In the AAV group, 33 patients were diagnosed with microscopic polyangiitis and 16 with granulomatosis with polyangiitis, the two most common types of AAV.
Besides significant group differences regarding age and sex, patients across the three groups also showed significant differences in ANCA levels and selected organ involvement.
A significantly greater proportion of AAV patients showed impairments in the lungs (63% vs. 21%) and kidneys (60% vs. 10%-13%) compared with the ANCA-AI and ANCA-O groups. AAV patients also had significantly higher levels of protein in the urine, a sign of kidney damage.
In turn, the ANCA-AI group showed a significantly greater proportion of patients with joint, skin, and gastrointestinal involvement when compared with the AAV group.
Anti-PR3 ANCAs were the most common type of ANCAs, and were significantly more frequent in the ANCA-AI (53%) and ANCA-O (67%) groups than in the AAV group (31%).
However, median ANCA levels were significantly higher in the AAV group (186 units per milliliter, U/mL) compared with those in the ANCA-AI (37 U/mL) and ANCA-O (36 U/mL) groups. This was true also for both anti-PR3 ANCAs and anti-MPO ANCAs.
No significant differences in terms of ANCA levels were observed between the non-AAV groups.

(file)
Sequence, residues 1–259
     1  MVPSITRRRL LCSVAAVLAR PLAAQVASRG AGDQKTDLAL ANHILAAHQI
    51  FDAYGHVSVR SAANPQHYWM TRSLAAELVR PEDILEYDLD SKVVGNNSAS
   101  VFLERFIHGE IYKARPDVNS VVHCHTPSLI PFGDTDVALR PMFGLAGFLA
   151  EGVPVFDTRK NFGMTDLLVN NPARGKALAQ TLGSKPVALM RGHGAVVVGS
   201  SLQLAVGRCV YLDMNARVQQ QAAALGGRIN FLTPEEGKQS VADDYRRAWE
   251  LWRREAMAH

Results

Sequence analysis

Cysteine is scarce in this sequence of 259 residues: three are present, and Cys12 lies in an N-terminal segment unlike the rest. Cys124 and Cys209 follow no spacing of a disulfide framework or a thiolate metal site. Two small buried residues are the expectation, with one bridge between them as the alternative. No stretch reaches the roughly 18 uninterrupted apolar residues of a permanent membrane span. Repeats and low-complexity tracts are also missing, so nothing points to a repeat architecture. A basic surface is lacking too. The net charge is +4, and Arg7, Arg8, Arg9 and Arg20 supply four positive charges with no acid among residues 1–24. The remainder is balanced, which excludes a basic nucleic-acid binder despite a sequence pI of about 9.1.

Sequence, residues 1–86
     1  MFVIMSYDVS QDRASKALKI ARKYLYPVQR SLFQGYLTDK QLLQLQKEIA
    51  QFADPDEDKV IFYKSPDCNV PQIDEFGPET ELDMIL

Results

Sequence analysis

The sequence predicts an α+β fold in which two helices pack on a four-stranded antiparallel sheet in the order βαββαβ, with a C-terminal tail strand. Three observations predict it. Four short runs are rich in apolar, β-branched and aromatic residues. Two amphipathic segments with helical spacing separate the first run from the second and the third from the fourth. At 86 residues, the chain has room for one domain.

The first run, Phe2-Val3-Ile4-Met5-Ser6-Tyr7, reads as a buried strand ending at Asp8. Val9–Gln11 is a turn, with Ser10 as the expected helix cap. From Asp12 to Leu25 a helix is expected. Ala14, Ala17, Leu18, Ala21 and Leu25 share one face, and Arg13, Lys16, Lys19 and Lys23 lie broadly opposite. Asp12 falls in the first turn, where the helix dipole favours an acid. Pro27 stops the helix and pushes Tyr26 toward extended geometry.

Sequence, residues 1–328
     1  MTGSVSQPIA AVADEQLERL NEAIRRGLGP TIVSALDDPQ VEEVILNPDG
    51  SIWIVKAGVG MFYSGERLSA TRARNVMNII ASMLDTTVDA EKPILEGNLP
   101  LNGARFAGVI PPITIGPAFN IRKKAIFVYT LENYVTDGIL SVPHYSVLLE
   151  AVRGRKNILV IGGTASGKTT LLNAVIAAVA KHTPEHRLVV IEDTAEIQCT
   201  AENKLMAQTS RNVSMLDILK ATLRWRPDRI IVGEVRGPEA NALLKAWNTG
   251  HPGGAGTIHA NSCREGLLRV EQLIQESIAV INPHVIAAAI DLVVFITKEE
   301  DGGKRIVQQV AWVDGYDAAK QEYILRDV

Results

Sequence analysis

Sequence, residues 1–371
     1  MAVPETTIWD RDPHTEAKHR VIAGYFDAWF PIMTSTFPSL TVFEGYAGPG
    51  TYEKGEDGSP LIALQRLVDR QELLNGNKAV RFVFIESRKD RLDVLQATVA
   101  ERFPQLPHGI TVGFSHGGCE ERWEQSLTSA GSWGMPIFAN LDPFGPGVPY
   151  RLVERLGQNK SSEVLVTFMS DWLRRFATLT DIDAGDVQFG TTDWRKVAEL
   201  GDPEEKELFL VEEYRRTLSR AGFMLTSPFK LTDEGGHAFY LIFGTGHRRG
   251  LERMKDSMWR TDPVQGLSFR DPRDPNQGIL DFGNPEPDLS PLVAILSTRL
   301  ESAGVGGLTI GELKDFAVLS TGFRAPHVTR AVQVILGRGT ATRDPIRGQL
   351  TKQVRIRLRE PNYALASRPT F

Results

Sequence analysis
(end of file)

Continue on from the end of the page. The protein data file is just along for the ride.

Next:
Threshold value of ANCA levels identified
Additional analyses indicated the best threshold value of ANCA levels was 65 U/mL or higher, allowing the discrimination between AAV patients and those in the other two groups with a sensitivity of 94% and a specificity of 73%.
A test’s sensitivity is its ability to correctly identify those with a given disease, while its specificity refers to the percentage of unaffected cases being correctly ruled out.
Also, this cut-off value was associated with a negative predictive value of 98%, meaning that 98% of cases ruled out through this test truly did not have AAV, irrespective of the type of ANCAs.
Using levels of anti-PR3 ANCAs allowed the researchers to more accurately distinguish AAV from other diseases characterized by inflammation of small blood vessels than using anti-MPO ANCA or total ANCA levels (86% vs. 76% of accuracy).
A cut-off value of 106 U/mL for anti-PR3 ANCAs allowed the accurate discrimination between AAV patients and those with mimickers, with a negative predictive value of 98%.
Further statistical analyses showed an ANCA threshold of 65 U/mL or higher was an independent diagnostic biomarker for distinguishing AAV from mimickers, being associated with a 34 times higher chance of having AAV.
Overall, these findings support that the ANCA cut-off value, regardless of PR3 or MPO targets, and along with the 2022 EULAR/ACR classification criteria “can be used to distinguish AAV from alternative autoimmune or non-autoimmune diseases,” the researchers wrote.
Future studies validating an approach based on this new cut-off value “might help clinicians to better discriminate between AAV and alternative diagnoses,” the team concluded.